Blast-Induced Traumatic Brain Injury
Blast exposure is a 21st century reality in counter-insurgency warfare. The high incidence of closed head non-impact blast-induced traumatic brain injury (bTBI) in warfighters serving in Iraq and Afghanistan suggests a direct mechanism by which blast exposure detrimentally affects the brain. However, potentially unique injury mechanisms and exposure thresholds for bTBI remain unknown. The Cullen Lab is working to identify acute biophysical responses of neural cells occurring directly due to blast wave propagation through the brain. Relating these patterns of sub-cellular damage to both the predicted micro-injury biomechanics and later, evolving neuropathology may permit establishment of a “signature” of bTBI.
Neural Cellular Biophysical Responses to Blast Exposure
caption: Blast-induced cellular damage (yellow) in the rat hippocampus
caption: Degenerating neurons in the rat cortex following blast
Colorimetric Materials-Based Dosimetry Using Photonic Nanocrystals
To compliment these efforts, we have developed a novel materials-based blast injury dosimeter using photonic crystalline nanostructures that change color specifically following blast exposure. Appearing as an array of small colored stickers, these nanostructures may be affixed to uniforms and helmets to report blast exposure sufficient to induce even subtle neuropathology. Our current efforts focus on calibrating the degree of color change and/or color loss with blast levels inducing brain injury across a range of severities. This technology offers a lightweight, power-free sensor that can be readily interpreted by the naked eye, thus serving as an experimental tool as well as a diagnostics marker to improve bTBI outcomes in our warfighters. Collectively, our efforts to elucidate the causative mechanism(s) and potentially unique neuropathology of bTBI in parallel with blast dosimetry help establish exposure tolerances and facilitate the development of treatments to halt progressive neural damage and/or degeneration.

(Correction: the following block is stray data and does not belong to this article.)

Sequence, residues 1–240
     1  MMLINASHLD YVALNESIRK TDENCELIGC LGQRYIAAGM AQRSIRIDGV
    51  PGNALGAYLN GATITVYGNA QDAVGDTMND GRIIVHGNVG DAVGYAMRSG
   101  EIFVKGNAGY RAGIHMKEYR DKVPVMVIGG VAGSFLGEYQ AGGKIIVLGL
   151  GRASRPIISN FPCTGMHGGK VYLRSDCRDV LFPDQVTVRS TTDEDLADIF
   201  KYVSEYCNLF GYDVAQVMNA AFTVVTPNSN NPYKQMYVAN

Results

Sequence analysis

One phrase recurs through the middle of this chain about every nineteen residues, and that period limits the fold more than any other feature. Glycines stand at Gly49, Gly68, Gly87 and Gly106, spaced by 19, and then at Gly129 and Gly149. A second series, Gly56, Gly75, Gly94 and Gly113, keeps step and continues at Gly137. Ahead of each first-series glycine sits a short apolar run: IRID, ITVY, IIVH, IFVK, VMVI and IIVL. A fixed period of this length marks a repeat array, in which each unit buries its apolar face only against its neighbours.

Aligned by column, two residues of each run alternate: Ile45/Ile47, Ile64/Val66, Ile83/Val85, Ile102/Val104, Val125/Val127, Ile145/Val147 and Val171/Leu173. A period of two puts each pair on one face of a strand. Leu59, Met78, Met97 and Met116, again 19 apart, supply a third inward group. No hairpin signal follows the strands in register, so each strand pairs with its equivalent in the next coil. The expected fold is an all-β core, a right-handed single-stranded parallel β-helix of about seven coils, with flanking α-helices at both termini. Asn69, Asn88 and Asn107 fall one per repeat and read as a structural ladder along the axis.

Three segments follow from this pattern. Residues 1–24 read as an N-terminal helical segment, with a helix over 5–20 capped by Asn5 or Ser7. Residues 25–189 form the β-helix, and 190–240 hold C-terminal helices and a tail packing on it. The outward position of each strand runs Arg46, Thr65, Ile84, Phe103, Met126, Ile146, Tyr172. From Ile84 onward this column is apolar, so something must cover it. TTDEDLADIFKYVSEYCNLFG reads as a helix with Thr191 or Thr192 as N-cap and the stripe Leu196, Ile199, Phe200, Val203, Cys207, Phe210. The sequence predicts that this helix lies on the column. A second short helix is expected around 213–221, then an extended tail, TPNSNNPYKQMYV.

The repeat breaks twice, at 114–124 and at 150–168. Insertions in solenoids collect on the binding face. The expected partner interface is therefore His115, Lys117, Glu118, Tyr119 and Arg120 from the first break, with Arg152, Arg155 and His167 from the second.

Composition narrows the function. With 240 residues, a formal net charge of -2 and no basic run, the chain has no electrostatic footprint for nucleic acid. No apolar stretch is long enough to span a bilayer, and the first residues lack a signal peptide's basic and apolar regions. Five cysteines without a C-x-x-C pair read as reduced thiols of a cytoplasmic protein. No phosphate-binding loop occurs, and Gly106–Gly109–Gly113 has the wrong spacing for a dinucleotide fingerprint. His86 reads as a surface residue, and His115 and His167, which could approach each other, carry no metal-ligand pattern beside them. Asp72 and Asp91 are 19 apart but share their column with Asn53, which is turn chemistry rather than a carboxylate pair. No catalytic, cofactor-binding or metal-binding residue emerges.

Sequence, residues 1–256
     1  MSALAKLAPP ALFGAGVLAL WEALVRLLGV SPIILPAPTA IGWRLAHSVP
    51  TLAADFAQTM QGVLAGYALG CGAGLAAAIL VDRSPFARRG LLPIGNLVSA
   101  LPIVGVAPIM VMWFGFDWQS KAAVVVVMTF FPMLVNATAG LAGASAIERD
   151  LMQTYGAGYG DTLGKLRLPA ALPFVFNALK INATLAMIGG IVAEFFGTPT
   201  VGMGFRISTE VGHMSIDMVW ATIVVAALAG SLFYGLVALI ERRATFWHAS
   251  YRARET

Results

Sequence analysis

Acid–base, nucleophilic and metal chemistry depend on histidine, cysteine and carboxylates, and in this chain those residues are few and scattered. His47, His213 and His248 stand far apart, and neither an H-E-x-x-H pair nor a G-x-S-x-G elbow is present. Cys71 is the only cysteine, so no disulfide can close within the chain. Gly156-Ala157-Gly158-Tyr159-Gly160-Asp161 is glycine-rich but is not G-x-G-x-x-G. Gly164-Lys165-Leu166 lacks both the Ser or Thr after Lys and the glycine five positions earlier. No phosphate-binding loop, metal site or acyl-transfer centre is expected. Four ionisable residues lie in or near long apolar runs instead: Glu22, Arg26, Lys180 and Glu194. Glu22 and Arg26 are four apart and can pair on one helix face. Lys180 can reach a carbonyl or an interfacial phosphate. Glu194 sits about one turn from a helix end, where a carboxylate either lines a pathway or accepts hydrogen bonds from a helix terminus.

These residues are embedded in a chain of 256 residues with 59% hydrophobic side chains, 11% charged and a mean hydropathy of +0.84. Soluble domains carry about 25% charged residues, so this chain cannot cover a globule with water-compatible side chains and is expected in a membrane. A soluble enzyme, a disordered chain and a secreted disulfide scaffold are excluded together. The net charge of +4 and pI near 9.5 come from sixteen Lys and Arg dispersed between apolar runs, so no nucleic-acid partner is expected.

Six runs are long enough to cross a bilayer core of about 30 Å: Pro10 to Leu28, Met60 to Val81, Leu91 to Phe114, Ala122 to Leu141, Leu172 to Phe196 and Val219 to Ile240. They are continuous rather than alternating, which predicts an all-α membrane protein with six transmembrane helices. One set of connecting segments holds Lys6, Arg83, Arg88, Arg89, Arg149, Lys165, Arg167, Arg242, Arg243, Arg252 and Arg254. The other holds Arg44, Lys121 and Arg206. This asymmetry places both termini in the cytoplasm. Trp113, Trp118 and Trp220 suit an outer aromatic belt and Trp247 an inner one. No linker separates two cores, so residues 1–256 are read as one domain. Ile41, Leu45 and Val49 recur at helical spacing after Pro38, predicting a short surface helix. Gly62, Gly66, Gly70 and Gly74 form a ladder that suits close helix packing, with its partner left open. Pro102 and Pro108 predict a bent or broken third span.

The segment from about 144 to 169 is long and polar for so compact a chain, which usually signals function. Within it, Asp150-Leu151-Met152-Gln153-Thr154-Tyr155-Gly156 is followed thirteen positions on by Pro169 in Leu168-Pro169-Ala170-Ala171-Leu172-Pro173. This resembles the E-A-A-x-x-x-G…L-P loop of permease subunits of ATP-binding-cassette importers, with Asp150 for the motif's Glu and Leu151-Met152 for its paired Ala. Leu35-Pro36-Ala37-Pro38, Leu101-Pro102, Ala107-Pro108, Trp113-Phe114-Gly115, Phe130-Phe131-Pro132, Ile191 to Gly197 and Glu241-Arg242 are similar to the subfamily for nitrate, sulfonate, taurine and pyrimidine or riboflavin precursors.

BID concept and function
(A) BID arrays may be affixed to warfighter uniforms in multiple locations. These arrays consist of multiple engineered photonic crystalline microstructures, the colorimetric properties of which are a result of the nano-scale structure, creating so-called “structural color”. (B) We have previously demonstrated that blast exposure precisely disrupts the structure at the nano- and micro-scales, creating color change and loss, respectively (color change/loss scale bar: 1 mm; SEM scale bar: 500 nm). These properties make our photonic crystalline arrays ideal to serve as a colorimetric blast injury dosimeter.